US 5217663 A
A method for molding a scrubbing sponge wherein raw materials are added a mold cavity having a bottom half and a top half having at least one cavity connected to a venting portion. The raw materials are foamed and expanded to pass through the cavity and vent until flashing is formed on the top of the mold. As the foam passes through the cavity and vent during the foaming cycle, it will become progressively denser as a result of the restrictive flow leading to the small opening of the vent.
1. A method for molding a scrubbing sponge comprising the steps of:
adding sufficient raw materials to a mold cavity having a bottom half and a top half, said top half having at least one cavity connected to a vent that extends through the top of said mold, the diameter of said cavity becoming progressively smaller towards said vent:
foaming said raw materials and expanding a portion of said foam into said cavity and through said vent until flashing is formed on the top of said mold, wherein said foamed material in said mold becomes a sponge body and said foamed material in said cavity becomes a projection on said sponge body;
removing said flashing from the top of said mold and separating said bottom and top halves of said mold to produce a scrubbing sponge;
allowing said scrubbing sponge to cure; and
removing any remaining flashing from said projection,
wherein said projection of said scrubbing sponge is significantly denser than said sponge body.
2. The method as claimed in claim 1 wherein said sufficient raw materials are such that approximately 50% of said materials poured into said mold pass through said vent.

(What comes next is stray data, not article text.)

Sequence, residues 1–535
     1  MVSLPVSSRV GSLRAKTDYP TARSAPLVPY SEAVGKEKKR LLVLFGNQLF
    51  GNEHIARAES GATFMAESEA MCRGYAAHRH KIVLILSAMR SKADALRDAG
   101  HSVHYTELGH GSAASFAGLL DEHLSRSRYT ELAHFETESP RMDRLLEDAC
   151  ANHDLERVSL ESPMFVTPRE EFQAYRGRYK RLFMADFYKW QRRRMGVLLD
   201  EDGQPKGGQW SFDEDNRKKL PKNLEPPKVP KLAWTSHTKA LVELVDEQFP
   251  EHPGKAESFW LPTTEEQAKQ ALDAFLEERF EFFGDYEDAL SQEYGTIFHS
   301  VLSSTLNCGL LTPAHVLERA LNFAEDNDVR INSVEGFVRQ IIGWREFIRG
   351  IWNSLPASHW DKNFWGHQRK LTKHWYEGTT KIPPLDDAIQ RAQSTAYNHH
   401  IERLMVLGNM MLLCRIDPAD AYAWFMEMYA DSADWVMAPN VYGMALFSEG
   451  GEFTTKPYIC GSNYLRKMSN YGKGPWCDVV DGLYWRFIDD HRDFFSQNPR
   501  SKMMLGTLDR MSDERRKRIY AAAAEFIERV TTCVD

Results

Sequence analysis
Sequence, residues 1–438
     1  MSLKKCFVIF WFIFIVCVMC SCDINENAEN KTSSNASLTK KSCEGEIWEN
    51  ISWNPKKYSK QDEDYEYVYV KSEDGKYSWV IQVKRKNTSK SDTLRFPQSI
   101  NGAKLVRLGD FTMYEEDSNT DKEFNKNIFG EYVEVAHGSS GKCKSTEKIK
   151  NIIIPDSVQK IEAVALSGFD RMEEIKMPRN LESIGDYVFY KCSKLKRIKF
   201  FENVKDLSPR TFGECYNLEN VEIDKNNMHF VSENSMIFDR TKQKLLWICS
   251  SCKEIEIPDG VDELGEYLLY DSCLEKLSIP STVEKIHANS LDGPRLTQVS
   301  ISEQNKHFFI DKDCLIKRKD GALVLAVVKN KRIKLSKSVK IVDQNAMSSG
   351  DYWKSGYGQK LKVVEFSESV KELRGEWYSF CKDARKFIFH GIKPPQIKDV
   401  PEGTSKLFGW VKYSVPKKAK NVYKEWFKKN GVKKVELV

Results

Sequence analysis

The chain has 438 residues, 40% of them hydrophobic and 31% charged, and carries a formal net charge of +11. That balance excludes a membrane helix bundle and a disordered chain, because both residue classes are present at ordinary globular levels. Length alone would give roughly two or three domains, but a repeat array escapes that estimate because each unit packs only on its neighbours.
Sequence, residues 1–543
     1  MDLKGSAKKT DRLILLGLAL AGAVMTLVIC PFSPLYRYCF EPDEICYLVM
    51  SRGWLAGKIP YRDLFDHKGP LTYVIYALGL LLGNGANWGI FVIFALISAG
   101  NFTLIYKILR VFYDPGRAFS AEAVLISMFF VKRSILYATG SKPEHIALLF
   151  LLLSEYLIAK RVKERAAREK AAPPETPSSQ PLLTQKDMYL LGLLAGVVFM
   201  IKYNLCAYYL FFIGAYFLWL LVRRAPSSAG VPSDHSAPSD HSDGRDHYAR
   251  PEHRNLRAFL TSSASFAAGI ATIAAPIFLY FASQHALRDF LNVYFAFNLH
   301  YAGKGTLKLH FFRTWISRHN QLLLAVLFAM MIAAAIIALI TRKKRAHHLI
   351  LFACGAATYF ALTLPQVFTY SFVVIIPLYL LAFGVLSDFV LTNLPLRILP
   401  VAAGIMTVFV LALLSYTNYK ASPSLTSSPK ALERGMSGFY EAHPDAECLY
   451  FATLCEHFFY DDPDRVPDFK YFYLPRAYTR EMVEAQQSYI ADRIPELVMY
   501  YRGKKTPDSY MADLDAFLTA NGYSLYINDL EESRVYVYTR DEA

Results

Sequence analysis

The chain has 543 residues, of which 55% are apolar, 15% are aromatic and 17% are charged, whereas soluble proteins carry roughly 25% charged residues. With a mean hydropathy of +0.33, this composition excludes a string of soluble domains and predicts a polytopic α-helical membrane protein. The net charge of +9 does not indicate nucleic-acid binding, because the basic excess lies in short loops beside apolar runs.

3. The method as claimed in claim 1 wherein said raw materials include a prepolymer and water in equal proportions.
4. The method as claimed in claim 1 wherein fillers are added to said raw materials to increase density.
5. The method as claimed in claim 1 wherein soaps, fungicides, bacteriastats, or any combination thereof are added to said raw materials.
6. The method as claimed in claim 1 wherein said cavity is frusto-conical.
This is a divisional of copending application(s) Ser. No. 07/567,084 filed on Aug. 14, 1990, now abandoned, which is a divisional application of Ser. No. 07/327,900 filed on Mar. 23, 1989, now U.S. Pat. No. 4,969,226.
This invention relates to artificial sponges for cleaning purposes.
Sponges are used for a variety of cleaning purposes including washing the human body and scrubbing floors. The ordinary sponge is generally soft and pliable when wet. Although various types of sculptured sponges have been used in the past, for the most part all of them had a uniform surface texture. Sponges have also been combined with plastic brushes by clipping them or molding them to the plastic brush. These products are typically more expensive than a sponge alone. There is a need for a sponge which has a scrubbing surface as well as a smooth surface that can be molded of a single material. I provide a sponge which may be molded from polyurethane using a two piece mold. My sponge preferably has one flat face and an opposite face having frusto-conical projections, the tips of which are significantly harder than the surface of the sponge. These hard tips provided improved scrubbing action. The tips are formed during the molding process. The sponge is particularly useful for medical applications.